I DON’T know about you but every so often I feel the need to springclean. In your case it might be the bedrooms, the car or the garage that need clearing out. In Banksy’s case it’s his reporter’s notebook. Well, not so much a notebook as scraps of paper, toffee wrappers, newspaper clippings torn from dog-eared newspapers. . . anything, really, that I’ve scribbled on with one of the miniature bookies’ pens I keep tucked in the lining of every jacket ‘for emergencies’. I regard my squirrelling tendencies as a public service, but I require no thanks: it is a solemn duty that I perform on your behalf, for the public good, a truly pro bono activity. So, let’s see what I have hauled out of my bulging pockets amid all the fluff and foreign coins
What football could learn from rugby
Ah yes! A scruffy cutting from a fortnight-old Metro acquired second-, third- or even fourth-hand from the back of my seat on the tram to the BBC’s northern power base at Salford Quays. It quoted an exasperated Southampton manager Ronald Koeman arguing that referees should give penalties when players grapple at corners.
He complained that while the referee ‘controversially’ awarded West Ham a spot kick after a Leicester defender tangled with a Hammers forward the same ref ignored a similar tussle at the other end of the pitch in the match’s dying minutes. Koeman demanded consistency from referees over penalty decisions from corners, arguing that “if you start to give penalties then [penalty box grappling] stops.” But the quote that caught my eye was when he added that then “everybody knows that if you grab somebody’s shirt LIKE A RUGBY TACKLE or you ‘take a man out’ in the box, it’s a penalty.” For me, the rugby union analogy is the key: at a rugger line-out the team given the throw-in advantage gets to choose how many catchers to put in the line; the opposing team then matches that number, be it three or seven.
Why not the same when a corner kick is given in a football game? The attackers choose, say, to put three men in the box; three is then the maximum number of defenders that will be allowed, plus the goalkeeper. Any interference can then be clearly seen by the referee or his assistant. Physical contact by defenders is punishable with a penalty and, by attackers, with a free kick.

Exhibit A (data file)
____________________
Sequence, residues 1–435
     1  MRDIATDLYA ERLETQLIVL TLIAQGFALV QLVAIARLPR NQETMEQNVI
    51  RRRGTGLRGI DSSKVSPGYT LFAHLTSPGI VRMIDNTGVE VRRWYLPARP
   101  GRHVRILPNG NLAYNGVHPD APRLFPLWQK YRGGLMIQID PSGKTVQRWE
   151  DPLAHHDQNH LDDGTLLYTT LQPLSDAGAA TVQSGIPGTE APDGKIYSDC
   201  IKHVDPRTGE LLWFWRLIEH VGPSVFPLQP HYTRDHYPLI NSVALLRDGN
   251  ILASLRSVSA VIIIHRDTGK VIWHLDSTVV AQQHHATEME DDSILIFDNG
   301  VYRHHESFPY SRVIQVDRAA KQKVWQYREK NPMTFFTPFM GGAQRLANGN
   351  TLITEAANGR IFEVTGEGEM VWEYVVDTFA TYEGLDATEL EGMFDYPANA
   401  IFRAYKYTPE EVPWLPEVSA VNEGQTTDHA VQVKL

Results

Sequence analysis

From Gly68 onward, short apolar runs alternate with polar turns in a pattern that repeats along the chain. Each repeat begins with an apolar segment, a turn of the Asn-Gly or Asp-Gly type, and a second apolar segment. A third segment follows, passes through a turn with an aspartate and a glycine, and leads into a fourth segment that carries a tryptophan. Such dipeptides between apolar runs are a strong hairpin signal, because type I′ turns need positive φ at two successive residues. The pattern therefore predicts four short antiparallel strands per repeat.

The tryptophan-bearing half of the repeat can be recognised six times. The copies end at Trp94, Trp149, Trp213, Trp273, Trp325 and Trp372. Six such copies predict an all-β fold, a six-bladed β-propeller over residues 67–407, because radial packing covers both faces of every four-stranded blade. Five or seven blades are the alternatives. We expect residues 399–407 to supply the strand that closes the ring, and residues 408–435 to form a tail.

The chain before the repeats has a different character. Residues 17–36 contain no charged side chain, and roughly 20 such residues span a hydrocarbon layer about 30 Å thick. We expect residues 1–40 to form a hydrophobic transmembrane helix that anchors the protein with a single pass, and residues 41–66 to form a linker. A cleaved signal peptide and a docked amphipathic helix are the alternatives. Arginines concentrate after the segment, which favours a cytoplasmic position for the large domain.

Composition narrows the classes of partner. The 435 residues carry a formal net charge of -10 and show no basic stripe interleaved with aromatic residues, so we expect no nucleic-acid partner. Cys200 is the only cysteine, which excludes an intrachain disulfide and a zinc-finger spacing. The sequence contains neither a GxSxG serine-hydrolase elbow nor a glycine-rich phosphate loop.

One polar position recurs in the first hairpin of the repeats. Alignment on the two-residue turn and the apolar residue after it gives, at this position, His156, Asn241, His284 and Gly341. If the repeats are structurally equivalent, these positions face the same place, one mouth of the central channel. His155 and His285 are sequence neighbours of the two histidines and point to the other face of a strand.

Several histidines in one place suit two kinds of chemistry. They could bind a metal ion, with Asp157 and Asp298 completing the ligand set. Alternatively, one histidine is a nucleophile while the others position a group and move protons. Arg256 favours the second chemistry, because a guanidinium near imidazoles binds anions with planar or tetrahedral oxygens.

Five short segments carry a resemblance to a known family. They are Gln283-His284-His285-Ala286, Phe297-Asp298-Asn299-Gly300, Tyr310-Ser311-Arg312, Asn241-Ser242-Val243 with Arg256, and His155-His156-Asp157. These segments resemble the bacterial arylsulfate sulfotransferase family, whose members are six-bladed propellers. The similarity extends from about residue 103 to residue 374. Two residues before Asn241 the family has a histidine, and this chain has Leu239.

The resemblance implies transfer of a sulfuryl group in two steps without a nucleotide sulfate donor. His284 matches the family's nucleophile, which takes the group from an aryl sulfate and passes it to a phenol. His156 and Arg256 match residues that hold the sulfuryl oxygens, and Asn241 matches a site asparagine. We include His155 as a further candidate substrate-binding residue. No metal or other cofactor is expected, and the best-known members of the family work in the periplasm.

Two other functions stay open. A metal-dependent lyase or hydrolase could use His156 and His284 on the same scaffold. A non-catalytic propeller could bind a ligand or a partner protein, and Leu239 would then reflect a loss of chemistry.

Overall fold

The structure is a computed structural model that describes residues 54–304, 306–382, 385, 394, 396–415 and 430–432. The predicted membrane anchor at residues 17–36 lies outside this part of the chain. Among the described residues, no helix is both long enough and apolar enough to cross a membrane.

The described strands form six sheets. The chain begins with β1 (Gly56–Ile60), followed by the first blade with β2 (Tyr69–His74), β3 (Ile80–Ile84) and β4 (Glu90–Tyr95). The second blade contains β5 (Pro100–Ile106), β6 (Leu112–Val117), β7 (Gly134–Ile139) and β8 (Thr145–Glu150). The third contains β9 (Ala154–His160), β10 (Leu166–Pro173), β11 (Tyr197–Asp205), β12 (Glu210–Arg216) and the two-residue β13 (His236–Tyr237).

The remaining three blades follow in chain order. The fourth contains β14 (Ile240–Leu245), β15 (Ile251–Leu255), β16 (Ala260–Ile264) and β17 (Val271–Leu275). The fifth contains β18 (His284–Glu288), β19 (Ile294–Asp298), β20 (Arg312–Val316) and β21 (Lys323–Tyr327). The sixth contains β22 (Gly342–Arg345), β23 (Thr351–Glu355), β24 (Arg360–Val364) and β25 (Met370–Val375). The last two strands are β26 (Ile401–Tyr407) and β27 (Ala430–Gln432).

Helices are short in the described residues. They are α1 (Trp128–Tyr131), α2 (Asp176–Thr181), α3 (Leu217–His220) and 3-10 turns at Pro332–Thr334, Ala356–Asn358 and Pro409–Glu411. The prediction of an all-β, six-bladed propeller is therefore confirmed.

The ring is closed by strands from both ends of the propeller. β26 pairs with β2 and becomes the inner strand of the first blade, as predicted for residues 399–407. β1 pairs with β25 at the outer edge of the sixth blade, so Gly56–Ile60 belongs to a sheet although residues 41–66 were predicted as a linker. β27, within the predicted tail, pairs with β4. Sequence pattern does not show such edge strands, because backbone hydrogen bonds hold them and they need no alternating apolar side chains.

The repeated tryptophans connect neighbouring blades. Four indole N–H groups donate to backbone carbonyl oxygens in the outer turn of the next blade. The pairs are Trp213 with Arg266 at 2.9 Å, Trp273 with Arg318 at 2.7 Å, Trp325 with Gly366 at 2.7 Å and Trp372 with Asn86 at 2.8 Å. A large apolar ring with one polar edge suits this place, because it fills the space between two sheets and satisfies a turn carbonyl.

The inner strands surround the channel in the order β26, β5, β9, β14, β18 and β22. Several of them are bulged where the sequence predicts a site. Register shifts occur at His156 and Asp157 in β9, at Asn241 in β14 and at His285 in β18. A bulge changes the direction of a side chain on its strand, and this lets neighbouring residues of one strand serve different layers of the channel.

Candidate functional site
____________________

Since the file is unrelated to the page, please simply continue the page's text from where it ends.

What’s that? You don’t care about football and its silly rules? Okey-dokey, I have something in my grab bag of goodies for all tastes. How about. . .
Cows and my favourite cartoonist
Warren Brown is a highly talented, funny man. Author, columnist, broadcaster and, above all, Australia’s best cartoonist, Waz was the caricaturing humorist who set my editorial page afire with his daily illustrated drollery when I edited the Sydney Daily Telegraph.
I sometimes featured: when a Pom with a walrus moustache, a liking for drink and a big gut was required a face and figure suspiciously similar to my own would appear. My pantomime irritation (in truth, I was flattered) was met by Wazza’s hurt expression and protestations of innocence. He always avoided the censor’s blue pencil.
So I was delighted some twenty years later when flicking through Facebook to be confronted by this photograph, taken through his window, of the paddock on Wazza’s farmhouse retreat in rural New South Wales to be accompanied by the Great Cartoonist’s comment:
“Just woke up to a beautiful morning, sun shining, birds singing and the cows gently grazing in the paddock . . .Wait a minute! We don’t OWN any cows! Good grief!”
How very Wazza. And how very similar to the humour of an even better-known (occasional) visitor to Woy Woy, Spike Milligan, who once described the Central NSW resort where his retired parents went to live as “the largest above-ground cemetery in the world”.
You don’t believe me? Visit Woy Woy yourself and while there inspect the ‘Spike Milligan Cycle Bridge’, built and opened in 2007 to celebrate its famous (adopted) son.